Terry Hutto’s woodworking keeps him busy in retirement


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A lot of the toys Terry Hutto creates are modeled after the equipment he saw and worked with in his long career in the forest products industry.

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Terry Hutto grew up in Fulton and worked for 21 years at Scotch Lumber Company. He volunteered in the Fulton Fire Department for many years, and eventually worked his way up to chief, serving in this position for four years. He is still a charter member of the Fulton Fire Department.

When Terry took a position in maintenance at Boise in Jackson, he and his wife, Valda, moved their family to Walker Springs. Terry retired after 25 years.

Took up woodworking

About two years ago, Terry’s nephew gave him two tops from an old Lazy Susan. He decided to add legs and a base, making them into turntables to hold Valda’s spices. Terry enjoyed working with the wood so much that he bought more equipment and ventured out to make furniture. His first attempts were coffee tables and end tables. Even though his wood working was challenging, he found it extremely satisfying.

After purchasing a lathe, Terry started to make more wooden products, like lamps, candleholders, and picture frames. He then added cutting boards, along with charcuterie and cheese boards.

Terry Hutto at work in his shop in Walker Springs.

Terry Hutto at work in his shop in Walker Springs.

Working with these items led Terry to try even more kinds of wood. He either cut trees on his property or used wood from downed trees in this area.

“I liked the wood from these trees that had been blown down, because it was dry,” he said. “I would take a tree to Boog Tolbert to mill, and it would be ready for me to use. I did not have to dry it for months.”

Many friends also gave Terry wood pieces. He soon developed a favorite: black walnut. Black walnut has beautifully grained heartwood that is greatly prized.

“Black walnut turns out so pretty,” he stated. “I try to put it in as many things as I can.”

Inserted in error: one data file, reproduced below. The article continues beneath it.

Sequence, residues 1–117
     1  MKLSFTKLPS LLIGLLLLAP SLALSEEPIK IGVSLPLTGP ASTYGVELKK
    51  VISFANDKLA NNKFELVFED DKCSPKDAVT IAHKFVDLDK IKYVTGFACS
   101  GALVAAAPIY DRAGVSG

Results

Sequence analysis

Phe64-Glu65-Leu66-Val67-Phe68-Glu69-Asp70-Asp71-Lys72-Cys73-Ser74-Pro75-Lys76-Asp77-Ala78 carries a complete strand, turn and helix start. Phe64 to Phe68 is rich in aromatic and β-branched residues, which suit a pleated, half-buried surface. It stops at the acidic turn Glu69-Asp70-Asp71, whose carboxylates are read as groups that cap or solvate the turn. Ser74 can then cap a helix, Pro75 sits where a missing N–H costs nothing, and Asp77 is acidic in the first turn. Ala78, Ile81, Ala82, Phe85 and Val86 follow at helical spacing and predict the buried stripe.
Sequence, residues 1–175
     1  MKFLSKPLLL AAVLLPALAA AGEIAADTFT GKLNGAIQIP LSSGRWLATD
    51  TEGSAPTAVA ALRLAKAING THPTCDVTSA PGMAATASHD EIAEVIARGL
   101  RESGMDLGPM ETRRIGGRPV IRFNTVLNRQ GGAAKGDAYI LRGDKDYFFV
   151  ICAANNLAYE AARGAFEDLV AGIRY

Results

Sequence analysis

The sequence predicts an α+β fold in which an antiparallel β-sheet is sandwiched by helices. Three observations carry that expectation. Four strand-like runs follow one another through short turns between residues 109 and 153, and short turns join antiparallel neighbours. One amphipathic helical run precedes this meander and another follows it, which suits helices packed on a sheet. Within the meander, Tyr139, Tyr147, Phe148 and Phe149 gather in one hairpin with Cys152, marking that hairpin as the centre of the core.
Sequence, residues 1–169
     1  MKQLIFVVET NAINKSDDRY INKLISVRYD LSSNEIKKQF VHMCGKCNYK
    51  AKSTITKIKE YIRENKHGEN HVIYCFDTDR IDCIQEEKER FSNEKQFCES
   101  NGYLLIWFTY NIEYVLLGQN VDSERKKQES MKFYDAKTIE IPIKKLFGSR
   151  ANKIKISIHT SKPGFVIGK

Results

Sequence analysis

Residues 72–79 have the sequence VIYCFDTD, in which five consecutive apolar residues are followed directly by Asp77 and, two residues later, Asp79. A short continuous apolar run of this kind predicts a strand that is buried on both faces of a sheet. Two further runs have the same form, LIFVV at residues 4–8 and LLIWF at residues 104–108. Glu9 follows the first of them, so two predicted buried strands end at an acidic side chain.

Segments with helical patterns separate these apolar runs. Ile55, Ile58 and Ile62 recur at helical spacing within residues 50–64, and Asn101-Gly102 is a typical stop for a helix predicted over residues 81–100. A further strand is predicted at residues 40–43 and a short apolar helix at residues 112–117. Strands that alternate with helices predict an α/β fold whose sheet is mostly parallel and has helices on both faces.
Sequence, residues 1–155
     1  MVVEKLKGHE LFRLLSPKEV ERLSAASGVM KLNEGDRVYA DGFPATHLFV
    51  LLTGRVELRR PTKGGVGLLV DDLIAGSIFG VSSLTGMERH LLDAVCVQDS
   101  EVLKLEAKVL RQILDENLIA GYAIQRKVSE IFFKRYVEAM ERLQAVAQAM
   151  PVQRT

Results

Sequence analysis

Wooden toys a favorite

Terry’s fascination with wood led him to try his hand at making wooden toys. He had no patterns, so the designs came from his head. He was drawn to log trucks, dump trucks and airplanes, spending hours on tiny details that only the trained eye would notice.

Terry’s toys offer lots of detail. Look at the air horns! Different woods make the unusual patterns and colors in the charcuterie and cheese boards he creates.

Terry’s toys offer lots of detail. Look at the air horns! Different woods make the unusual patterns and colors in the charcuterie and cheese boards he creates.

“That means that no two are ever alike,” he laughed. “I was just able to see it in my head and then make it.”

With help from his friend, Bud Rogers, a Jackson woodcrafter, Terry has dabbled in making wooden Christmas ornaments. He also experimented with using many different wood grains in his cutting and charcuterie boards, which look like pieces of art.

“I put a sealer on them,” he explained. “Then I finish them with butcher block oil for protection. I tell my customers to put butcher block oil on their boards every few months to protect them.”

Sells at various venues

Terry’s wooden toys and charcuterie boards are his best sellers in his home home business, “Terry’s Frames and Thangs.” He regularly travels to craft shows at Tannehill State Park. He also sets up at the local Pine City Forestry Festival each November and the Jackson Farmers’ Market.

Terry Hutto finds great pleasure in his wood crafting. “I am not a professional,” he laughed, “but I’m getting better. It gives me something to do. It relaxes me, but it also challenges me, because everything is handmade.”

Terry often gets lost in his work, woodcrafting from dawn until late in the night.

“When I get started on something, I can’t quit,” he explained. ”I have to keep going until I finish it.”

Hunts, fishes and enjoys family

Terry and Valda Hutto attend Mt. Gilead Baptist Church in Walker Springs. The couple has been blessed with three children, seven grandchildren and four great-grandchildren. Terry loves to fish and hunt, so he spends as much time as possible at his camp house, teaching his grands to fish and hunt.

Terry Hutto has a Godgiven talent that he loves to share with others. He uses social media to sell his works and often posts pictures on Facebook, showing his latest projects.

Terry displays his artistry at his shop. He invites everyone to visit. Contact him at 251-589-3972 or 251-246- 7728.


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